By Gill Bonner
Thursday midday and we’re waiting on the platform at Sutton station for a train to London Bridge. F asks me if London is left or right? It reminds me that this is his first trip into the city centre, his first experience of a UK train ride (and yes it was on time!) The new vocabulary we have learnt so far today includes “platform, departs, rails, ticket barrier, travelcard, return journey”. All very useful and all tucked away in his incredibly agile brain. I am constantly amazed at the progress this man is making with his English after only 7 weeks in the country after having spent 7 years in Jordan living as a refugee family from Syria. However, those are not going to be the most important words we learn today. This is not just part of F’s cultural orientation programme, not just part of the “To do list” we have as a Community Sponsorship Team. This trip has come out of the blue after a text message received from our interpreter at 11.15pm last night and a conversation with a German school teacher at 8am this morning. The most important words for today are going to be “my younger sister, clever, university, pharmacist, Dortmund, more than 4 years, 18 years old.” This description of his sister dominates our conversation as we travel to meet her in Parliament Square.
We had known that F’s sister, now living in Germany having been re-settled there with her parents and other younger siblings after fleeing the Syrian conflict, was coming to England on a school visit. They hadn’t seen each other for over 4 years. He was of course desperate to see her but we couldn’t get any real details and there were many safeguarding issues to consider. We didn’t even know where in England she would be or for how long. To be honest, we thought the school would not allow her to leave the group to be with him even if we could establish contact. But it happened. The group were staying in Margate but having a day out in London and one of the teachers agreed to meet us and let A spend time with F and his family as long as I was there and could get her back to the group in 4 hours time!
After a quick photo opportunity on Westminster Bridge it was back on the train to Sutton to see the rest of the family in their home. This was all that mattered, to share food together, to see where they are living, to spend time with the children – the youngest now a cheeky and endearing almost-5- year-old as opposed to the baby she remembered.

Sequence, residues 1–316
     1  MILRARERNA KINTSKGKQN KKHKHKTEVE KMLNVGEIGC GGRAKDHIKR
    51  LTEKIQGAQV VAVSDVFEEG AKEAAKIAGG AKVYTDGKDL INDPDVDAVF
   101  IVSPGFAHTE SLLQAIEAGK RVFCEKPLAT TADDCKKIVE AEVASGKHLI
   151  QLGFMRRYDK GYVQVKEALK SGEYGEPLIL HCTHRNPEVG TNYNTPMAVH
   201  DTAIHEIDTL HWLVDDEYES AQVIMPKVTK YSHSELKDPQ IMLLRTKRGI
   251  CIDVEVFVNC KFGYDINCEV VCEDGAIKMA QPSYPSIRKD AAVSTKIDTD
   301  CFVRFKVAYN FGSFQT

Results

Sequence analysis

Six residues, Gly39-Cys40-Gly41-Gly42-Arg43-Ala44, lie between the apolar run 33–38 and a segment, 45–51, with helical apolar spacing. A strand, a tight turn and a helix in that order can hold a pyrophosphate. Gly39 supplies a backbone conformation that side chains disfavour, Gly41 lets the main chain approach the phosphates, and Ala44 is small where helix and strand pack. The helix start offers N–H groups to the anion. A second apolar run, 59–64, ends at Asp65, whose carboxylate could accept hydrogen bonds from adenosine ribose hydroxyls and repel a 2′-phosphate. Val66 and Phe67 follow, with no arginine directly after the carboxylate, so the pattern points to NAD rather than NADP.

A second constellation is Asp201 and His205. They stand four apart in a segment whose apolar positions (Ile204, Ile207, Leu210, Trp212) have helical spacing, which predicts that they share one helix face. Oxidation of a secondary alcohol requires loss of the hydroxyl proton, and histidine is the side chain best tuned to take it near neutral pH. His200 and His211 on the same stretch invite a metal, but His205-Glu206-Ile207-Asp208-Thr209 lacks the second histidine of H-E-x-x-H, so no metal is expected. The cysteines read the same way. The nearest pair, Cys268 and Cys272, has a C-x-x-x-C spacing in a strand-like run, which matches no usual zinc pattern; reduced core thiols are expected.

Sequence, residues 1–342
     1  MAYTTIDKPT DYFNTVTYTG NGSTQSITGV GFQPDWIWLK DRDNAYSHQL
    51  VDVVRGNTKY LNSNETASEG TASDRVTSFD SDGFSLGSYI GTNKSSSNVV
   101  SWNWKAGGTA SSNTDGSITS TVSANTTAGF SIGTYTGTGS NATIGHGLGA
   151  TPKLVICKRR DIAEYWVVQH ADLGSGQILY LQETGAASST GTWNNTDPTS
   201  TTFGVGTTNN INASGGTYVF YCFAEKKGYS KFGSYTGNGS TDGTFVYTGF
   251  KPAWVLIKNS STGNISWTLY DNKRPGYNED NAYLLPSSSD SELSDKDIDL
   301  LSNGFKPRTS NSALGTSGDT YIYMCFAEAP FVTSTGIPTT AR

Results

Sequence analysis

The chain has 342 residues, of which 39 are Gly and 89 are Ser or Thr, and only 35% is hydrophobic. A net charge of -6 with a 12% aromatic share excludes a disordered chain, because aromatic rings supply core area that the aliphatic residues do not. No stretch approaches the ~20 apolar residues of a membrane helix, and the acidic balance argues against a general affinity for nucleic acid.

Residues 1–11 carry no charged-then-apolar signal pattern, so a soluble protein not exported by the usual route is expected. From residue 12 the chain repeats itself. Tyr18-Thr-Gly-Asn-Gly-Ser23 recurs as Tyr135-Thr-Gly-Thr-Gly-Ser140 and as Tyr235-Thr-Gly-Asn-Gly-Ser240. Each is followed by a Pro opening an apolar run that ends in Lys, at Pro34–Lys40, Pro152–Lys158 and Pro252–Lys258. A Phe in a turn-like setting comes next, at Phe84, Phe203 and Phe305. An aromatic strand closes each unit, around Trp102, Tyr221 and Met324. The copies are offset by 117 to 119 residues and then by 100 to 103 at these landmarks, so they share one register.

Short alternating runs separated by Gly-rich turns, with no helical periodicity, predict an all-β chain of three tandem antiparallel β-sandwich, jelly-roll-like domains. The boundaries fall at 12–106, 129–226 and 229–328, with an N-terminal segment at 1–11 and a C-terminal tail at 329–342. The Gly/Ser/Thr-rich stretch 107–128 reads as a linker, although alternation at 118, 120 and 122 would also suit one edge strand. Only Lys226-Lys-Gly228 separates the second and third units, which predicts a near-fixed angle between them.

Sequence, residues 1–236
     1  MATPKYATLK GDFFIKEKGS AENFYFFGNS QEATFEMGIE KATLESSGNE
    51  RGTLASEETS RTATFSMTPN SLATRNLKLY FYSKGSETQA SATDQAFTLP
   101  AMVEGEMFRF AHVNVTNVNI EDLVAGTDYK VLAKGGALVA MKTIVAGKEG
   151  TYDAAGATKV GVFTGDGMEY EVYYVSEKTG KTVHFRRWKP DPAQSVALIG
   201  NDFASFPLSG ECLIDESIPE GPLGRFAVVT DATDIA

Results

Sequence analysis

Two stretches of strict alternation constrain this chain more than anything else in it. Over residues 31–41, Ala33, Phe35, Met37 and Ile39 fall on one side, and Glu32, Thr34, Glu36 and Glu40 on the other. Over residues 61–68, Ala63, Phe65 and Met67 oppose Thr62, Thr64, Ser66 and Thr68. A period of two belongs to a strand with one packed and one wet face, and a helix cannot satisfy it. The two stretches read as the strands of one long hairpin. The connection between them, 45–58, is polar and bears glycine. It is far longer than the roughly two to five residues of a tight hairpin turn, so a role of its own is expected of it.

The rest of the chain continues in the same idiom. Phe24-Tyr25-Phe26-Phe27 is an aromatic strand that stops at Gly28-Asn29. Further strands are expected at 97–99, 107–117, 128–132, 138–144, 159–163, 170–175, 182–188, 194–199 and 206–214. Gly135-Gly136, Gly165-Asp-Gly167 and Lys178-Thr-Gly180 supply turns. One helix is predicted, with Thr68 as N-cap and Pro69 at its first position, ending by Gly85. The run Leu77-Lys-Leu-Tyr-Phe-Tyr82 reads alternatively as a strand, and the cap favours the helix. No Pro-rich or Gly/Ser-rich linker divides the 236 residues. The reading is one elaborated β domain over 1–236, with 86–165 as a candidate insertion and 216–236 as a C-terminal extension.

We were back on Sutton station platform 1, now there were 3 of us. The emotions were high. How is it possible to experience happiness and sadness simultaneously? We managed it! She was anxious that we would be late at the meeting place (North Greenwich tube station) Florian, her teacher, had been very clear that we HAD to be there at 5.30pm (we were!) F had a carrier bag of food for her to take for the coach journey back to Margate, fruit, flatbreads, the remnants of a meal lovingly prepared and eaten in haste.
I haven’t tried to describe the moment they met or the moment they said goodbye. Both were equally heart-stopping events which were a privilege to share, not only for me but for Florian, the teacher willing to take me on trust and the school’s Principal too who came to express his delight that this had been achieved. We exchanged thanks to each other, we recognised the love that was in our presence and I experienced once more the “thin space” when the human and the divine are both equally present and tangible despite being with people I had only just met!
Our journey back to Sutton was quieter, thoughtful, realistic but optimistic. We reflected on the day. F was full of praise for London’s transport system, for the police presence he saw during rush hour in London Bridge station, for the way people offered seats to others on the tube, for the orderly way in which thousands of people went about their lives. It all makes him feel safe and glad that his family are now in a place where they can travel safely and trust strangers. The most frequently used words of the day? “Thank you, happy, safe, you’re welcome!” Said by both of us – over and over again!
Gill Bonner is project manager of the Community Sponsorship of Refugees scheme at Sutton Salvation Army Corps..